BTW, I am also planning on writing a system utility to monitor the instances of WinWord running on the server and auto-kill any that are older than a certain date.

Answer #7    Answered By: Horace Coffey     Answered On: Apr 29

Excel Server is coming in Office 12 and will address just this kind of
issue. I've not heard of "Word Server" to replace Word automation but if
I could make a case to the product team...

Answer #8    Answered By: Rigoberto Beard     Answered On: Apr 29

May I suggest looking at Visual Studio Tools for Office, version 2005? (VSTO) Here's a link to a webcast that explains how to create documents on the server without having to install the office applications on the server by using the new ServerDocument Class.


Currently, developers program against Office documents on the server by creating instances of the Office application and manipulating the document via the appropriate Office DOM. One of the key enhancements in Visual Studio Tools for Office 2005 is the new and powerful ServerDocument class, which grants the ability to work  with the data on the server from within a document without having to understand the view constructs of the host application. This provides easier client side development, as well as improved performance and efficiency. In this webcast, we will explain and demonstrate how you can take advantage of the VSTO ServerDocument capabilities in your applications.

There's also a whitepaper on MSDN on this topic here:
Overview of Server Capabilities in Visual Studio 2005 Tools for Office

Answer #9    Answered By: Alphonso Mckay     Answered On: Apr 29

If the users are on Office 2003, the easiest approach is to create
the word  document in XML format. This is the replacement for RTF,
and is much easier to program to. You can use a simple XSLT
transform to create documents from data.

If you look at a document in XML format created by Word, it looks
scary and complex. But if you create one yourself, you can omit a
lot of stuff (eg unused style definitions) and keep it simple.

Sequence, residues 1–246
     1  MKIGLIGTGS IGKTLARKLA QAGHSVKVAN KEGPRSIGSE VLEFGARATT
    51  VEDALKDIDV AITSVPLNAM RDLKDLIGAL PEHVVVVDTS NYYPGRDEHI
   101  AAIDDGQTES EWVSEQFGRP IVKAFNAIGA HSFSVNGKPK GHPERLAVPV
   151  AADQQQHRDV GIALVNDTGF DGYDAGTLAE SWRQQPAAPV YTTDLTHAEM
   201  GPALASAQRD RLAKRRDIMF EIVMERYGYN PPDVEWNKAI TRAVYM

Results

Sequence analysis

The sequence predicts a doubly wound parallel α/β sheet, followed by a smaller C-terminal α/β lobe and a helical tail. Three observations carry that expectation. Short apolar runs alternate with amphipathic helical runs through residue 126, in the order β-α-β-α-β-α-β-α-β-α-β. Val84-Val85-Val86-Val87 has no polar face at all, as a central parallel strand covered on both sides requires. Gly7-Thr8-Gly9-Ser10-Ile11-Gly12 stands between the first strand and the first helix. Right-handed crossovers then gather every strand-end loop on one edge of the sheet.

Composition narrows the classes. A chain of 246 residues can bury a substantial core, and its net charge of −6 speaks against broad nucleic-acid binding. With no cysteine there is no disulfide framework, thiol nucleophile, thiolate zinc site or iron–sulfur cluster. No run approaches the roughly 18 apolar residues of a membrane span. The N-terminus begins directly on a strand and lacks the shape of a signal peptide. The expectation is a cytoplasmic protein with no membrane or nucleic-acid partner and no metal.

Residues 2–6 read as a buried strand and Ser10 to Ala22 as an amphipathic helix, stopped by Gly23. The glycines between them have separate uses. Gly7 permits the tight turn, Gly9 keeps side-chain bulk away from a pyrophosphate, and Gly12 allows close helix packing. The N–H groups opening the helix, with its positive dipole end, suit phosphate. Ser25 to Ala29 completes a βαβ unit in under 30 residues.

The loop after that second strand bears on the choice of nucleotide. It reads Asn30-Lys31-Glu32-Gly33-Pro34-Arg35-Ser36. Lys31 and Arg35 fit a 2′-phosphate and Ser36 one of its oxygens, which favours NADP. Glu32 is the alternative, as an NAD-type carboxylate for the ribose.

Another approach is to use an existing Word XML doc as a shell and
simply write in your data to xpath nodes. An easy technique is to
create the doc with the data as custom properties, then use Word
fields to include the data within the doc. You can then update the
data by using the xpath to the custom properties, and the layout of
the document is completely independent of your code.

Here is an example where some data is placed in a custom property. A
word field code makes the data appear as a heading.

Your xml data:

<?xml version="1.0" encoding="UTF-8"?>
<information>My info</information>

An xslt transform for a valid Word doc:

<?xml version="1.0" encoding="UTF-8"?>
<xsl:stylesheet version="1.0"
<xsl:output method="xml" version="1.0" encoding="UTF-8"
<xsl:template match="/">
<xsl:variable name="myinfo" select="information"/>
<xsl:text disable-output-escaping="yes"> </xsl:text>
<xsl:text disable-output-escaping="yes"><?mso-application
<xsl:text disable-output-escaping="yes"> </xsl:text>
<o:InfoFromXML dt:dt="string">
<xsl:value-of select="$myinfo"/>
<w:style w:type="paragraph" w:styleId="Heading1">
<w:name w:val="heading 1"/>
<wx:uiName wx:val="Heading 1"/>
<w:pStyle w:val="Heading1"/>
<w:outlineLvl w:val="0"/>
<wx:font wx:val="Times New Roman"/>
<w:i w:val="off"/>
<w:pStyle w:val="Heading1"/>
<w:fldChar w:fldCharType="begin"/>
<w:instrText> DOCPROPERTY InfoFromXML
<w:fldChar w:fldCharType="separate"/>
<w:t>Press F9 to update!!</w:t>
<w:fldChar w:fldCharType="end"/>